New Applications for Bondable UHMW-PE
Thin-gauge Ultra High Molecular Weight Polyethylene
(UHMW-PE) was first introduced to the plastics
industry during the 1970s. At the time there were
few distributors marketing the product and few who
understood its potential. But word spread as manufacturers
and distributors alike experimented with applications.
Support grew. Now, new uses for this durable plastic are
floated through the marketplace every day.
What’s so special about UHMW-PE? Why has demand
for the product increased so rapidly over the last few
The answers are pretty simple. With a molecular weight
ten times greater than standard HDPE resins, UHMW-PE
has the highest abrasion resistance of any thermoplastic
polymer. It also has a low coefficient of friction, displays
great impact strength (even at low temperatures) and is
extremely wear resistant and chemical resistant. Yet,
UHMW-PE is easily machined, making it a top choice for a
broad range of applications. Shims, wear plates, wear strips,
gaskets, washers, door and drawer glides, scrapers and doctor
blades are all common, widespread uses for UHMW-PE.
However, there was one development in particular that
opened a whole new world of previously unforeseen
opportunities: the creation of bondable UHMW-PE. The
tough, slick plastic could now be directly applied to a surface
without the use of mechanical fasteners. Thin, adhesive-
backed UHMW tape began making its way onto distributor
shelves. And where a quarter-inch layer of UHMW
once required riveting (or countersinking) to hold it in
place, a flexible layer of adhesive-backed .062” could provide
the same service with more wear surface.
It was less
expensive, covered the application area more effectively
and was easier to install.
Here’s just one example of how bondable UHMW is
being used in heavy industry.
Harrison Concrete of Harrison, Ohio, wanted to improve
material flow in the delivery chutes of their concrete mixing
trucks. They were looking for chute liners that were easy to
install and clean – but slick enough to move heavy, wet concrete.
They also wanted material that would install without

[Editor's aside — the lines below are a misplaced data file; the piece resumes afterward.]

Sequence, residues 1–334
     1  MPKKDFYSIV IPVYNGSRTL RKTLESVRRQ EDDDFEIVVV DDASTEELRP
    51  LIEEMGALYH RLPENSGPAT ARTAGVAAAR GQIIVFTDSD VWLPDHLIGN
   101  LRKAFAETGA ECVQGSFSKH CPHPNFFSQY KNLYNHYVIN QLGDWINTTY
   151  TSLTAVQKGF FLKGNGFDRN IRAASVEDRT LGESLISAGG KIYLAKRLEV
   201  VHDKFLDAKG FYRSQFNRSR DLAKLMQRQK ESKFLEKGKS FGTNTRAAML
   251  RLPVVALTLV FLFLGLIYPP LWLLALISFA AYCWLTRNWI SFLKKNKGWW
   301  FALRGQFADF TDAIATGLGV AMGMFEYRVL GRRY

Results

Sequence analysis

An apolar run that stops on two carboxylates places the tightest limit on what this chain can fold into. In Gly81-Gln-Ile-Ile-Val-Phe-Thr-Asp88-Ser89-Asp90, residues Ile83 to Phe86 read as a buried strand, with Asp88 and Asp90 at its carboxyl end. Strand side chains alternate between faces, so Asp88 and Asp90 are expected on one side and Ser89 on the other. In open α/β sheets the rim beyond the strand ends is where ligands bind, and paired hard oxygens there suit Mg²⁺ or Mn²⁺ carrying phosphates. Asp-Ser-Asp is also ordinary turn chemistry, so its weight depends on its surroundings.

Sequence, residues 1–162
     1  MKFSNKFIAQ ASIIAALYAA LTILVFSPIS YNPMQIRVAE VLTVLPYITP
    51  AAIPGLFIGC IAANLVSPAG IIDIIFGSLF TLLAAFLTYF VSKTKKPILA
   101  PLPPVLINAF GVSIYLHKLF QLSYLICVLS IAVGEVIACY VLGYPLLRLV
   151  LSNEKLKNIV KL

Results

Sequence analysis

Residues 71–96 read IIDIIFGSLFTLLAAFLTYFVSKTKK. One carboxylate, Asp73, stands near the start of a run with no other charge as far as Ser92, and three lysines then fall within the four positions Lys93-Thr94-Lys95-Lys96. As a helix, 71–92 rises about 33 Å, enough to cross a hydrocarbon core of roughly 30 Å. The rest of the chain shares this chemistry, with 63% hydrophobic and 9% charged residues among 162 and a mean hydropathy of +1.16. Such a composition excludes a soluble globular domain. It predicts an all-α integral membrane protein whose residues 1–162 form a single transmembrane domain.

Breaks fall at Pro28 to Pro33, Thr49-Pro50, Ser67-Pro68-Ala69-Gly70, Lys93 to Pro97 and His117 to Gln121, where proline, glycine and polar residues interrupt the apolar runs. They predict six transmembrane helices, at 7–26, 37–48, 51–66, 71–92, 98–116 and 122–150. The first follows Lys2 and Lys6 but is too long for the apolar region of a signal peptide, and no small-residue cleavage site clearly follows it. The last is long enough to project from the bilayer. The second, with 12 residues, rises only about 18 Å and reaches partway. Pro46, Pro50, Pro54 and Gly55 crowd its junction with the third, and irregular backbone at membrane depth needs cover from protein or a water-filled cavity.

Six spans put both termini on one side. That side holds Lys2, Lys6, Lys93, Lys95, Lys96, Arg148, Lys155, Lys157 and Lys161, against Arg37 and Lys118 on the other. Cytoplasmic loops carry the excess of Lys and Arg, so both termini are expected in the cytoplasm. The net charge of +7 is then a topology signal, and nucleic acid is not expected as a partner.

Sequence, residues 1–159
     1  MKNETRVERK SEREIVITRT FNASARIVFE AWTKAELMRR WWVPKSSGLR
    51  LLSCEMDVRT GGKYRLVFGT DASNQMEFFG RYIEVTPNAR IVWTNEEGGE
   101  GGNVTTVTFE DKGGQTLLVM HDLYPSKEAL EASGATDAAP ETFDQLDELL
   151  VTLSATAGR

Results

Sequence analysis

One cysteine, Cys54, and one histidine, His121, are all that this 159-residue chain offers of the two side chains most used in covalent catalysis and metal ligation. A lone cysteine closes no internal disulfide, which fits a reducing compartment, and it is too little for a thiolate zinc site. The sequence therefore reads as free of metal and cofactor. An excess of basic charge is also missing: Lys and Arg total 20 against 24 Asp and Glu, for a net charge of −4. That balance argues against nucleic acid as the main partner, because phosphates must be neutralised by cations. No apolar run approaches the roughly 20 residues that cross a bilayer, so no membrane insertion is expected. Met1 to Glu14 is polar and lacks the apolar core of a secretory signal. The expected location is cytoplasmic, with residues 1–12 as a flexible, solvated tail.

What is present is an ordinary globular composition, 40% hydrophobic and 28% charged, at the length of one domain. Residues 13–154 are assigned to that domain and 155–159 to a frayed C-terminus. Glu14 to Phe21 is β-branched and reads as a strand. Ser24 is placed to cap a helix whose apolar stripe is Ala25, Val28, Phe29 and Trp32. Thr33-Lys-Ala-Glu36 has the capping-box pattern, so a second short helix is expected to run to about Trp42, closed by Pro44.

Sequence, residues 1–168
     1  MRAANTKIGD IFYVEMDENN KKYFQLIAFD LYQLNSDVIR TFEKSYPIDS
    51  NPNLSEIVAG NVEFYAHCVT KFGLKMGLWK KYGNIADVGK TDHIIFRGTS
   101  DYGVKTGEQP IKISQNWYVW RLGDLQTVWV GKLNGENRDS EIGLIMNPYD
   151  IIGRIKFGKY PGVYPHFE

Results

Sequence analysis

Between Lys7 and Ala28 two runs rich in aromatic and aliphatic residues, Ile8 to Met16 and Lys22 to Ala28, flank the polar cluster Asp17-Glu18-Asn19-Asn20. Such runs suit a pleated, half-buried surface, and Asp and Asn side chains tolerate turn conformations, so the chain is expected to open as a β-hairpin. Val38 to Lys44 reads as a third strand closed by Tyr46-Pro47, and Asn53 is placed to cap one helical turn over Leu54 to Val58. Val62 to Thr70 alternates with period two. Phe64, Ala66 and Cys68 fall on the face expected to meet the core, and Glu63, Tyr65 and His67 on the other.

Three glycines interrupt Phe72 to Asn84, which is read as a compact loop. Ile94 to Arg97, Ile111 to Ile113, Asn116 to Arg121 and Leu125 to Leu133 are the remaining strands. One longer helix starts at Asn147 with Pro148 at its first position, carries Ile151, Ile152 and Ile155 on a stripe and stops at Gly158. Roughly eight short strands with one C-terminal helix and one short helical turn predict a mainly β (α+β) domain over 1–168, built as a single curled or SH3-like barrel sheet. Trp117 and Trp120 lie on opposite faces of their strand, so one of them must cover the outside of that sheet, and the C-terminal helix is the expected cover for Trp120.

the use of fasteners. Seams, rivets and bolts in the liner
cause the concrete mix to aggregate, clogging the funnel.
Crown Plastics (also of Harrison) was just around the
corner. The two companies worked together to design a
previously untested solution.
In the spring of 2007 Crown engineers covered the delivery
chutes of two mixing trucks with 4’ strips of 20” wide,
.125” gauge black UHMW (black was chosen for its resistance
to UV light). Each truck chute consists of two hinged
“halves.” The halves were separated and carefully cleaned
and dried. Since UHMW has low surface energy, the material
was flame oxidized to
prepare it for bonding.
Then a two-part epoxy
was applied to the chute
and the UHMW was
pressed into place and
trimmed. Clamps held
everything in place while
the application cured.
In just a few days the
trucks were ready to be
put back into service.
employees spent the
next several months
observing the product
liner’s performance in the
field. Material flow and
clean-up were monitored.
was paid to the treatment’s
moisture and abrasion.
Wear and tear on the
adhesive bond was also
The application is still
in the experimental
stages and tests will continue
for a few more
months. But initial results
appear favorable and the
process has already
proven successful in
other industries. Thingauge
UHMW is used to
reduce friction and wear in a wide variety of applications
including on hoppers, conveyor systems, skateboard decks
and boat bottoms to name a few.
For more information, on thin-gauge, bondable
UHMW, contact Crown Plastics, 116 May Dr., Harrison,
OH 45030, 800-368-0238, Fax: 513-367-4004, Web:
www.crownplastics.com and www.durasurf.com.